In any case, this issue is all about how great for freedom and America the war in Iraq is. It is complete with a shout-out to the troops at the end where one of the characters says: "To tell you the truth everyone over there is a hero. From reports to the military. They're all boots on the ground and that makes them heroes." And, following this issue's ending, we even get to see real life examples of these "boots on the ground" (whatever that means) posing with guns and copies of the comic. Our boys in Iraq sure love their "fantasy cult comics"!!

4. Shameless Fanboy Self-indulgence.

The main male character, boyfriend of the protagonist hero, is a fellow named "Jon" who goes by superhero name "Skeleton Man." He can speak with the dead, he guards a graveyard, and he wears a hilarious skeleton suit. And yet he looks strangely like Jim Balent, author of Tarot.

Here is Balent posing with an awesome sword:

And here is "Skeleton Man" without his ridiculous mask:

Except that Skeleton Man is totally pumped, unlike skinny Balent. He also gets lots of chicks. And also, as aforementioned, beats up on a lot of women. Which makes you wonder about Balent's way of seeing the world. If you make the only male character look like you, and then make it so that he tends to end up with a lot of naked women, and then have him beating the shit out of some of these naked women... Balent scares me.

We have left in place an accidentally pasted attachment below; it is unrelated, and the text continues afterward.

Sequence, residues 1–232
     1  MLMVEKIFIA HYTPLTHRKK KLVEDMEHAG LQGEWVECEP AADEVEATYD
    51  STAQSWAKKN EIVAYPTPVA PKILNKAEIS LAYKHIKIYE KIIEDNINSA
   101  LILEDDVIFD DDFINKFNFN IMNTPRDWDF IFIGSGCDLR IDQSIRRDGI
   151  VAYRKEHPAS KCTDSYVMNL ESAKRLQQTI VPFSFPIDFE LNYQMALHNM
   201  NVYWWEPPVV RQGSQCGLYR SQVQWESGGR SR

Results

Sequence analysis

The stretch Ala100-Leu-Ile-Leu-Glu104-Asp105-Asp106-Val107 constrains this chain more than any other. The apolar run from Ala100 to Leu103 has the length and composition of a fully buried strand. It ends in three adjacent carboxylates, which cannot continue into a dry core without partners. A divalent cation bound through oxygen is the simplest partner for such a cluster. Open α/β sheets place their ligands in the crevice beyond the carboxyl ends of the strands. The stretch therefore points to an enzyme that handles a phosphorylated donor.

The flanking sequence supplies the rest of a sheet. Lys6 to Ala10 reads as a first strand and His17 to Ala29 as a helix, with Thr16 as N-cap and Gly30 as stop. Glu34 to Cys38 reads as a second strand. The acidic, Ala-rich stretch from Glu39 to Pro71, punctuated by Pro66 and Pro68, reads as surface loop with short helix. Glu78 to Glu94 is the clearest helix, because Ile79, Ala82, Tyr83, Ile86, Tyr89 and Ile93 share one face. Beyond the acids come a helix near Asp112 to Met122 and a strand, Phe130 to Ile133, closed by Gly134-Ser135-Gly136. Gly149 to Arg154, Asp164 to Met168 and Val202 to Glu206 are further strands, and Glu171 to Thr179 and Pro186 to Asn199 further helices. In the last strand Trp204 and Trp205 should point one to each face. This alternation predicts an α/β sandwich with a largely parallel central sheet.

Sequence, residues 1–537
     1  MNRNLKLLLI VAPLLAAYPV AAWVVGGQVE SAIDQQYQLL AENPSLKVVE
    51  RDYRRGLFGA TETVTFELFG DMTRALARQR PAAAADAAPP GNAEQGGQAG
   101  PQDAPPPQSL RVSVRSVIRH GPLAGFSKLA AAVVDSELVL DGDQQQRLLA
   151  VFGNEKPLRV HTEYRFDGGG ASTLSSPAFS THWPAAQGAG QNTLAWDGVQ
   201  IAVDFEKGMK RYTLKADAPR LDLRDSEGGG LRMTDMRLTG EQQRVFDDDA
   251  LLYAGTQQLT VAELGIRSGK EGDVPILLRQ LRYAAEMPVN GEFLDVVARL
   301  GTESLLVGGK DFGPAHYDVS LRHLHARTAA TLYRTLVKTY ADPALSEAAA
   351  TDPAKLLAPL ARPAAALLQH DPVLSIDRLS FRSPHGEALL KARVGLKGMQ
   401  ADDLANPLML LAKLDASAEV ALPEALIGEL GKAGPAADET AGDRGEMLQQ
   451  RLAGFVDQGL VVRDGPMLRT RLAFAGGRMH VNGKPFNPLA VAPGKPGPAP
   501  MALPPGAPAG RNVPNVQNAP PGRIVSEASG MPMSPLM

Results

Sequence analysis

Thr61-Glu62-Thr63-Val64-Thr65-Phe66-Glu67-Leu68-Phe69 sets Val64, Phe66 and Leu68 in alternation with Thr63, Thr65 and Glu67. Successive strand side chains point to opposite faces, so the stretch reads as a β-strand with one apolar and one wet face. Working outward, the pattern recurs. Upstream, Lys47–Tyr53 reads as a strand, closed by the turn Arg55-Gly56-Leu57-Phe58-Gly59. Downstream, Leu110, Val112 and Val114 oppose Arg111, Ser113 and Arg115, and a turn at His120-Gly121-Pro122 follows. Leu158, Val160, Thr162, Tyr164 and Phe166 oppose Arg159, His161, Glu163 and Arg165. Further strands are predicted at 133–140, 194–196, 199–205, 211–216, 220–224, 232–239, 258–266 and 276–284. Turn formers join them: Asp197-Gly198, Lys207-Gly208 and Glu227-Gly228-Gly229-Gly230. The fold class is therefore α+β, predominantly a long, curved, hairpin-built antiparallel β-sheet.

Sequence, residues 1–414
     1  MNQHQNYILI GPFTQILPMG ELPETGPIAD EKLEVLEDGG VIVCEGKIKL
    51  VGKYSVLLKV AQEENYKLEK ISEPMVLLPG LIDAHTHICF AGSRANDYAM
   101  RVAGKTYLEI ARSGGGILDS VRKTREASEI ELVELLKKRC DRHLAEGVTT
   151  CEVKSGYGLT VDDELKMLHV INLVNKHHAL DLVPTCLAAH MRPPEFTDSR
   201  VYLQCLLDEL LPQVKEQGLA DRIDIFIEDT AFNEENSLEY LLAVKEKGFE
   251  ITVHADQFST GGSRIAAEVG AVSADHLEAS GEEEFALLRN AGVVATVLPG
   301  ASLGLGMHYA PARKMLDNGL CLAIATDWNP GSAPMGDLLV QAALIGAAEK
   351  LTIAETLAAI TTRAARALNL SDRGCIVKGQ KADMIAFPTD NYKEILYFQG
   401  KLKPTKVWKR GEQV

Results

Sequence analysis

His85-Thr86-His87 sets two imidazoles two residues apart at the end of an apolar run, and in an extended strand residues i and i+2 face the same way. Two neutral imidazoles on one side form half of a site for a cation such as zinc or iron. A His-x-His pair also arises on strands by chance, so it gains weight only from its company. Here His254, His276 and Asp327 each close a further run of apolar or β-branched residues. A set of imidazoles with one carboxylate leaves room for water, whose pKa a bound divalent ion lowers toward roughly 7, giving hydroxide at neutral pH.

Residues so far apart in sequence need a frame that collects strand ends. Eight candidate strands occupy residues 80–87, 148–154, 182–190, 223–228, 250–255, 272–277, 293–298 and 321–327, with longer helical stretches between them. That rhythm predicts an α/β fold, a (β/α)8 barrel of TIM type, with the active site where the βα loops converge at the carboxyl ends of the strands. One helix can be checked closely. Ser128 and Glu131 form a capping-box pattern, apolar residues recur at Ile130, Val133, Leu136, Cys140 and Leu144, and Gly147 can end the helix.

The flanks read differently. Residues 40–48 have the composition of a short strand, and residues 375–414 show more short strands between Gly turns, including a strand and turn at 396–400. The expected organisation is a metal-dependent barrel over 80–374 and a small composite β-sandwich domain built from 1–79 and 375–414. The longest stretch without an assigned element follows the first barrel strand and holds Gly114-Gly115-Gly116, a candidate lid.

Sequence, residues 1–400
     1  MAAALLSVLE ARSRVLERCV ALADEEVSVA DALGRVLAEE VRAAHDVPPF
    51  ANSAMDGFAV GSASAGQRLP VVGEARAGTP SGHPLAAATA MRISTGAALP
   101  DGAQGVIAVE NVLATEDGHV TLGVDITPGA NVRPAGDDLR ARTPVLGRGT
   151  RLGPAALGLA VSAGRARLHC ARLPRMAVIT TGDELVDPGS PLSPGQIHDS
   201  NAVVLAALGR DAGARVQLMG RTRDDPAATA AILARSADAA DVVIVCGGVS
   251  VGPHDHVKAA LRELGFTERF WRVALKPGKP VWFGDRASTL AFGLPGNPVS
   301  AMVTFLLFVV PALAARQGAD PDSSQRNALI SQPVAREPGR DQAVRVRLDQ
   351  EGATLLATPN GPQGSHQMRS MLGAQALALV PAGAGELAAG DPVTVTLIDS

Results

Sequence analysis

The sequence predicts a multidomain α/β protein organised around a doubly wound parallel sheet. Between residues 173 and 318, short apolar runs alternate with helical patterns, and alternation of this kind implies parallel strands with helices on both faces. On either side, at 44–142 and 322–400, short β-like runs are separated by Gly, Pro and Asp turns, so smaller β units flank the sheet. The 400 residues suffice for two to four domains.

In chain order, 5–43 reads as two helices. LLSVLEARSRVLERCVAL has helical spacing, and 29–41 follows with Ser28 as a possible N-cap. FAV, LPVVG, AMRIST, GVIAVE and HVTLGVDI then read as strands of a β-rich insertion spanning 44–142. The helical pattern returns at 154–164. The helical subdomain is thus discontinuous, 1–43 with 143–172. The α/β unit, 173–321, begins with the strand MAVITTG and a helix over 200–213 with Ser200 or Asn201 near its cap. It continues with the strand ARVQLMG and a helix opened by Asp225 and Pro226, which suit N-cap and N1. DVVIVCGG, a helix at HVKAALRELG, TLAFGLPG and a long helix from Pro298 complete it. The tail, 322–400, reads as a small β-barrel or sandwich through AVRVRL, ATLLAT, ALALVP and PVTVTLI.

5. Mystification.

I entitled this complaint "mystification" mainly because I know it will make some of my friends/readers laugh. (I'm talking about you, Shipley and Shin!) Specifically, I mean stupid superstition.

It's one thing to write a book about mythic witches with magical powers. It's quite another to actually believe in witchcraft. And yet Balent gives space at the end of his comics (at least the ones I've read) for "real world witches" to speak about "the craft." There is also this preachy tone to his writing, all about how witches were oppressed for being witches in the past. Actually it was women who were oppressed, Jim, and scape-goated into being called witches - not that I'd expect someone who thinks his misogynist comic represents "female empowerment" to understand the history of misogyny.

When the comic's superstition becomes truly superstitious, however, is when it pretends it is anti-superstitious. Here Tarot speaks about fighting against the enemy of...

Yes: the enemy is SUPERSTITION. Which must, apparently, be combated with more superstition. Such as the belief in the occult, faeries, and whatever semi-feudal garbage Balent publishes in his interviews with self-proclaimed witches at the end of every issue. He probably also believes that modern science is "superstitious" and anti-witch and that we can heal the world with "magick" ... Especially if said magick is wielded by naked women with impossible anatomical proportions.

6. More Rampant Misogyny.

In the fifth comic I read, the main character was recovering from a terrible wound that happened in the issues before for some reason I do not feel like investigating because it would require reading more comics. Not that it was difficult to figure out the general details of her wounding: the god-like narrator's constant interventions pretty much gave me an idea.